Policies are a critical component of a GRC strategy – but often the most overlooked or neglected component. It amazes me the number of companies I go into that have complete disarray and chaos in their approach to managing corporate policies and procedures.

Simply put – organizations cannot ignore policy management. Consider that:

  • Policies establish the culture, value, ethics, and tone of the organization.
  • Policies establish boundaries for risk taking.
  • Policies define how the organization complies with regulations and requirements.

Mismanagement of policies and procedures can introduce liability to the organization as a policy or procedure can establish a duty of care. Improper policy management can be used by regulators, prosecuting/plaintiff attorneys, and others to place culpability on an organization.

The typical organization suffers with ineffective policies, management, and communication. The typical organization has:

  • Policies scattered across dozens of places. The typical organization has numerous portals and binders in which policies are published. There is no single authoritative source where all policies and procedures are consolidated, maintained, and managed. There is no place where an individual can see all the policies that apply to their specific role in the organization.
  • Policies bound by paper. The typical organization still suffers with having numerous printed policy manuals and has not fully embraced online publishing and access to policies and procedures.
  • Policies grossly out of date. The typical organization has policies that are published at some point and time and not reviewed on a regular basis. In fact, I regularly encounter organizations that have policies that have not been reviewed in years for applicability, appropriateness, and effectiveness.
  • Policies that lack an owner. The typical organization has numerous policies and procedures that lack an owner that is responsible for managing them and keeping them current.
  • Policies that lack any lifecycle management. The typical organization has an ad hoc approach to writing, approving, and maintaining policies with no defined system for managing the workflow, tasks, versions, and approval process.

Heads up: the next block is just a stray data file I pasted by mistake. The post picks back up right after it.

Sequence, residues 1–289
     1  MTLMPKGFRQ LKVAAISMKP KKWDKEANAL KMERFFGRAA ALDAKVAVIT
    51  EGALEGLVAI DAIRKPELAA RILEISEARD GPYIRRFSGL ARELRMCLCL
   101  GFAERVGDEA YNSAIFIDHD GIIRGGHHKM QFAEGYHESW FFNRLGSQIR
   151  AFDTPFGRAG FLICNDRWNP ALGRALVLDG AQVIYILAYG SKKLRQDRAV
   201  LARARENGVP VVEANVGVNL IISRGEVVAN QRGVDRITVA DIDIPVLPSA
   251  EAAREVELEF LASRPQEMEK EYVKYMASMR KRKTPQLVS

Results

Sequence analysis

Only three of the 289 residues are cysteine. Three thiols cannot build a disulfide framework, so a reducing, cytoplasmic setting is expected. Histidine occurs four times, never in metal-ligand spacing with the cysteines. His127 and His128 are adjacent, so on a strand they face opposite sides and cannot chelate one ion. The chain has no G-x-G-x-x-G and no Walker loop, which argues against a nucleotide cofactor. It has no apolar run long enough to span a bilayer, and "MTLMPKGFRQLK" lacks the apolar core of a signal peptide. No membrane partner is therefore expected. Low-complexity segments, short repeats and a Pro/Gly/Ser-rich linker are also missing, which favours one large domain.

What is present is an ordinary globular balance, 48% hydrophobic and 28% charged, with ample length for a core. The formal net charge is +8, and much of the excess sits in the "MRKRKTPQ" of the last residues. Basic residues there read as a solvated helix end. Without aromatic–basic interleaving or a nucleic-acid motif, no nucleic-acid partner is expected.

• Policies that do not map to exceptions or incidents. The typical organization finds that it has no established system to document and manage exceptions to policies. Further, there is a lack of a system to map incidents, issues, and investigations to policies – this helps to understand where policies are breaking down and need to be addressed.
  • Policies lack adherence to a consistent style guide. The typical organization has policies scattered across the organization with no through to the consistency, style, and template as to how they are written. The language and format of policies vary significantly within organization policies and procedures.

These issues are further compounded when organizations approach technology for policy management in an ad hoc manner and begin publishing policies through various content management systems (e.g., SharePoint sites) with no process to manage consolidate, manage, and keep policies consistent.

In summary, organizations are in a complete disarray in managing corporate policies and procedures – policies are out-dated, scattered across parts of the business, and not managed consistently. The recent trend in legislation and regulatory guidance is to demonstrate training and not just attestation. Policies establish the culture, values, ethics, and duties of the corporation and its agents. Organizations that take an ad hoc approach to managing and communicating policies face significant risk to their business.

When the organization is under the microscope – having a detailed trail of what policy was in effect, how it was communicated, who read it, who was trained on it, who attested to it, what exceptions were granted, what other incidents violated the policies all can provide grounds for defending the organizations. An ad hoc ‘dust in the wind’ approach to policy management may very well expose the organization to significant liability.

To consistently manage and communicate policies organizations are turning toward defined processes, workflow, and technologies to manage the lifecycle of policies. The policy management lifecycle involves several stages from definition, approval, communication, awareness, training, attestation, maintenance, and archiving. This is supported by a technology infrastructure to manage the content and process of policy management.

In the generation of Web 2.0 and YouTube it is no longer enough to simply make policies available, organizations need to deliver training and establish that individuals understand policies and procedures. Delivering interactive policy training modules has become just as important as presenting a written policy and tracking attestations.

Over the next several weeks we will look at Effective Policy Management and Communication. We will specifically explore:

  • Defining a process lifecycle for managing policies
  • Establishing policy ownership and accountability
  • Providing consistency in policies through consistent style and language
  • Communicating policies across extended business relationships
  • Tracking policies attestation and delivering effective training
  • Monitoring metrics to establish effectiveness and/or issues with policies
  • Relating policy management to risk, issue/case, and other GRC areas
  • Using technology to manage and communicate policies

In addition to this series on policy management, Corporate Integrity is also offering a full-day workshop on the topic of Effective Policy Management and Communication.

I would love to hear your thoughts, experiences, and approaches to effective policy management.

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